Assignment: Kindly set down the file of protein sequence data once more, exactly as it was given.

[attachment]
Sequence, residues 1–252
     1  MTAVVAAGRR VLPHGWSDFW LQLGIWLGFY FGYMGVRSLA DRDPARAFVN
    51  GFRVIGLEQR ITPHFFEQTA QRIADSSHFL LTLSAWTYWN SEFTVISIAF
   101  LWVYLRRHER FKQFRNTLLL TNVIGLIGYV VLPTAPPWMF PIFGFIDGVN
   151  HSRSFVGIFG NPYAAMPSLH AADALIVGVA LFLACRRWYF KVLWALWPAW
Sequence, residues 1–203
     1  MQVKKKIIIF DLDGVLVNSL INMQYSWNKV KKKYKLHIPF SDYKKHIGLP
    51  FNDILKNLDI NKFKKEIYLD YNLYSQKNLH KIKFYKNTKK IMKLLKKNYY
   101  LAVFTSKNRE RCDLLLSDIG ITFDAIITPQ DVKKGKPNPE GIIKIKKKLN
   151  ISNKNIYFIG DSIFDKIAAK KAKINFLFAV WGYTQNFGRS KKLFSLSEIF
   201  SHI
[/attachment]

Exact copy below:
Sequence, residues 1–252
     1  MTAVVAAGRR VLPHGWSDFW LQLGIWLGFY FGYMGVRSLA DRDPARAFVN
    51  GFRVIGLEQR ITPHFFEQTA QRIADSSHFL LTLSAWTYWN SEFTVISIAF
   101  LWVYLRRHER FKQFRNTLLL TNVIGLIGYV VLPTAPPWMF PIFGFIDGVN
   151  HSRSFVGIFG NPYAAMPSLH AADALIVGVA LFLACRRWYF KVLWALWPAW
Sequence, residues 1–203
     1  MQVKKKIIIF DLDGVLVNSL INMQYSWNKV KKKYKLHIPF SDYKKHIGLP
    51  FNDILKNLDI NKFKKEIYLD YNLYSQKNLH KIKFYKNTKK IMKLLKKNYY
   101  LAVFTSKNRE RCDLLLSDIG ITFDAIITPQ DVKKGKPNPE GIIKIKKKLN
   151  ISNKNIYFIG DSIFDKIAAK KAKINFLFAV WGYTQNFGRS KKLFSLSEIF
   201  SHI